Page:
Symptom Frequency and Distress Underestimated in Decompensated Cirrhosis

Lissi Hansen, Michael F. Chang, Shirin Hiatt, Nathan F. Dieckmann, Karen S. Lyons, Christopher S. Lee

Research output: Contribution to journalArticlepeer-review

1 Scopus citations

Abstract

Background: Studies assessing multiple symptoms and the distress of these symptoms in decompensated cirrhosis are lacking. Aims: The aims of this study were to assess symptom prevalence and distress among patients with decompensated cirrhosis and to describe medical management of the most prevalent symptoms. Methods: Patients were recruited from hepatology clinics within two health-care systems. Eligibility criteria included a model for end-stage liver disease (MELD-Na) score ≥15. Patients completed the Condensed Memorial Symptom Assessment Scale and Patient Health Questionnaire. Comparative statistics were used to analyze the cross-sectional survey data. Results: Of the sample (n = 146), most patients were Child-Turcotte-Pugh (CTP) class B (49.7%) and C (46.2%). Mean age was 56.5 years, 65.1% were male, and 88.4% were white. Average MELD-Na score was 19.1 ± 4.5. The most prevalent symptoms were lack of energy and feeling drowsy while the most distressing were lack of energy and difficulty sleeping. Only 24 patients (16.4%) were treated for their difficulty sleeping with sleep medication. Importantly, those prescribed sleep medications had similar distress (3.9 ± 1.2 vs. 3.5 ± 1.2, p = 0.229) compared with patients not prescribed sleep medications. Opioids were prescribed to 57 (39.0%) patients; antidepressants to 34 (23.3%). Forty patients (27.4%) who reported moderate or greater depression were not prescribed an antidepressant. Conclusions: The study highlights the multiple symptoms and distress experienced by patients with decompensated cirrhosis, and the need for improved medical management by health-care providers through enhanced awareness and attention to these complex symptoms. Future research should focus on improvements in symptom management.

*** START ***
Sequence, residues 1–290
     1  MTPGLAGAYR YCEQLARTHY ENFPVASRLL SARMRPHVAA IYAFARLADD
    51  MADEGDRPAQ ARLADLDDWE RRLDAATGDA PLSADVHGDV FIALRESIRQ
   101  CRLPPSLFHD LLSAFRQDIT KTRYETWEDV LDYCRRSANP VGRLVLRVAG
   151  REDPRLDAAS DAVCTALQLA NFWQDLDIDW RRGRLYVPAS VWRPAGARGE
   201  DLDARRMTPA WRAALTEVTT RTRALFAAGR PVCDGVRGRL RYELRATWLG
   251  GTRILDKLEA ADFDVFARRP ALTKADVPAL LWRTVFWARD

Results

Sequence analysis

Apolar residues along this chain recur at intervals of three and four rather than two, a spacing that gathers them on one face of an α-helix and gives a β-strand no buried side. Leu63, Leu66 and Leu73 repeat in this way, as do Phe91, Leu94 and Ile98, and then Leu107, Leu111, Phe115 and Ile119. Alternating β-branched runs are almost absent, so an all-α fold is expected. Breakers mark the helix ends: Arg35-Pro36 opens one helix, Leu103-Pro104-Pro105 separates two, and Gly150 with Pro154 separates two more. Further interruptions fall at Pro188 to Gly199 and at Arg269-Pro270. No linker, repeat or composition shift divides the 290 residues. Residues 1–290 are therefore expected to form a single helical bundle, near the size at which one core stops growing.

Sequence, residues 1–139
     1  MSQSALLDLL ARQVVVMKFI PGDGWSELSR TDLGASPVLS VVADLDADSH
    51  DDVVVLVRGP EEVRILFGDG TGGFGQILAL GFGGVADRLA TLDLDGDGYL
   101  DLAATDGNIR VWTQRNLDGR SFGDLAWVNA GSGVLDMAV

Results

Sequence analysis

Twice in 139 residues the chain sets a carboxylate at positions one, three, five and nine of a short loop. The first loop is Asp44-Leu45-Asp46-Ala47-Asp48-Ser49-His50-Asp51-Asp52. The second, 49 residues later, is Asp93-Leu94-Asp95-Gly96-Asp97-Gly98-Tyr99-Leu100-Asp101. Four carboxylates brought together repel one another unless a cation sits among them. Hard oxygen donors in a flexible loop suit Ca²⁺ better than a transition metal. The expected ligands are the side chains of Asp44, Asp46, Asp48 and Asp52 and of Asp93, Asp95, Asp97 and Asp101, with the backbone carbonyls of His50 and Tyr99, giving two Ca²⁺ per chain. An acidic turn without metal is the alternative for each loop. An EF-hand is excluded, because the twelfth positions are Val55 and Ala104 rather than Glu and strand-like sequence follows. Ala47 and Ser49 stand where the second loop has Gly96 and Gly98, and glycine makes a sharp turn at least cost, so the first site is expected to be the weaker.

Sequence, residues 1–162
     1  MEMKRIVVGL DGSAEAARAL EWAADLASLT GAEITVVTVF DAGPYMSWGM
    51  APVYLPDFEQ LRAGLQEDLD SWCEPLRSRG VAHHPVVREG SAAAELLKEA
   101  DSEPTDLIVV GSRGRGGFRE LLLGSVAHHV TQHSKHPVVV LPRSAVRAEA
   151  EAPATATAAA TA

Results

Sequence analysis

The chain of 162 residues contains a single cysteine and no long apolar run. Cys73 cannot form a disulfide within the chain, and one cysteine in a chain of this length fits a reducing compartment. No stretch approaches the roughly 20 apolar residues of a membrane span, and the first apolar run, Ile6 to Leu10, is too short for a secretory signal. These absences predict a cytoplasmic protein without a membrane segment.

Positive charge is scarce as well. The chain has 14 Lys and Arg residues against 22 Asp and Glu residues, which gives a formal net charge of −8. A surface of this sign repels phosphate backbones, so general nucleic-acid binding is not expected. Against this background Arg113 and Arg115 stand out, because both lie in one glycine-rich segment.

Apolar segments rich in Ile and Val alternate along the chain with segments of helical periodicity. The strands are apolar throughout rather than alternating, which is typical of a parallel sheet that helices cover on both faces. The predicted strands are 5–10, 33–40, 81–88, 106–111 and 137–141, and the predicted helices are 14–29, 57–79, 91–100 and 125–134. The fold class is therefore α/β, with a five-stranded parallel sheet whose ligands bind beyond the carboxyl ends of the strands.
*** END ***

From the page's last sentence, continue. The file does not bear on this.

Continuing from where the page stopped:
Original languageEnglish (US)
JournalDigestive diseases and sciences
DOIs
StateAccepted/In press - 2021

Keywords

  • Depression
  • End-stage liver disease
  • Liver cirrhosis
  • Pain
  • Symptom distress

ASJC Scopus subject areas

  • Physiology
  • Gastroenterology

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